Irish in the City

So, if you’ve never met me before, it should be known that I have a thing for English and Irish accents.  Although not professionally tested, I’m 97% sure it’s directly related to the number of Jane Austen books and BBC movies I watch.  I may or may not have even joined a British Ex-Pat group on in order to find out where people with British accents are hanging out.  I’ve actually never gone to any of those gatherings, but I like being aware of them just in case I want to hear people who sound like Colin Firth.  I also tried to find an Irish ex-pat group but none seemed to exist.  I was bummed, but was willing to be a creeper and scope out every Irish pub in order to find some Irish guys that look and sound like Colin Farrell before his druggy/hooker days.

HOWEVER, this weekend I found out that I wouldn’t have to go bar hopping (and honestly, I probably wouldn’t have bar hopped because there are about 102938098 Irish “pubs” in New York and I am no where near ambitious or alcoholic enough to try to go to all of them) to find Irish guys–they’re all in the Bronx!  Ok, that doesn’t sound exciting, but they’re playing hurling at the Gaelic Park up there. According to a New York Times article, there are a bunch of Irish dudes playing the gaelic sport and  looking to “make connections and to meet potential spouses, to mingle with friends from the old country and to discover new ones.”  Umm, Hi.  I could be a friend from the new country.

This is Hurling

This is Hurling

What is hurling?  The only reason I know is because when I was 16 and working as a landscaper one summer (what what Lakeshore Landscaping), one of the guys working there was like, “You’re athletic and it looks like you won’t fall down easily (me: um, thanks?) You should join my hurling team.  We need some girls.”  Once getting over the backhanded insult of essentially being called a tree, I considered it and he gave me some info on the sport.  It’s essentially a cross between lacrosse, football and soccer but with a weird stick.  I didn’t end up joining the team because “I didn’t want it to interfere with soccer practice and I’m a huge tool who doesn’t want to socialize with new people”. (I added the last part in retrospect) I regret that decision now because if I had learned, I could be playing with the Irish!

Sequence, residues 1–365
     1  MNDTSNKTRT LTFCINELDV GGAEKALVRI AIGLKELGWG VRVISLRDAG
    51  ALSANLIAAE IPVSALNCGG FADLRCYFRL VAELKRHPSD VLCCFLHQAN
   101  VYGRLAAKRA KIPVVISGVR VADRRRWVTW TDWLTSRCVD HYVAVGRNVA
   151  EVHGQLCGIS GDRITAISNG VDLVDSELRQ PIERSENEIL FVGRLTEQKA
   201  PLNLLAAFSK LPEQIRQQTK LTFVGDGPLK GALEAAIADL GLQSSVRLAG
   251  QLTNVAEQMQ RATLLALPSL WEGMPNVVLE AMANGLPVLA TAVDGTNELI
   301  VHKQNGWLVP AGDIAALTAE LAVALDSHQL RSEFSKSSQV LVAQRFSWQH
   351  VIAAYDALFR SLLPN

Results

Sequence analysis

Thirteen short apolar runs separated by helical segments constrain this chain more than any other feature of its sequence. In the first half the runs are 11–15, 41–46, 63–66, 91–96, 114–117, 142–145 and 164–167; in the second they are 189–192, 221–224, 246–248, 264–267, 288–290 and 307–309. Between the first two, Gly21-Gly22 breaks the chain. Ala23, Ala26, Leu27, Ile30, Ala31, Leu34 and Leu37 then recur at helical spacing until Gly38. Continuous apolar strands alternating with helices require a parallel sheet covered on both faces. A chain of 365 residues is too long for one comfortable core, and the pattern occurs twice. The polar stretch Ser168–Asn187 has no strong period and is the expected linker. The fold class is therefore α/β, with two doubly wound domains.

And yet, maybe I’m not missing out on anything.  The Times article is reporting that the number of Irish natives/desecendents aren’t coming to the renovated stadium anyway.

“The type of immigrant coming out of Ireland now isn’t dependent on that social structure,” said Mr. McCarthy, who teaches management at Seton Hall. “There are a lot of people in New York, Irish immigrants, who have never been to Gaelic Park.”

And while the park is currently in its best physical condition ever — a $3 million renovation provided a new turf field and night lighting — other forces have taken their toll. Tightened immigration laws and stricter border security after 9/11 have drained the park of players and spectators, further challenging its historic role as the heart of New York’s Irish community.

Bummer, man.  I’m hopeful though and it’s possible that with the printing of this article, more people will go to the stadium (and maybe Irish guys will hear the call and sign up).  Heck, I googled the league and am hoping to check out a game, because let’s be honest, what else am I doing on a Sunday afternoon that is more appealing than listening to Irish accents while watching a halfway interesting sporting event?

A Bit of Ireland in the Bronx, but Slowly Fading Away [NY Times]

One Response to “Irish in the City”

  1. im from an all irish community in the bronx. im puerto rican but can do the accent quite well, ha!

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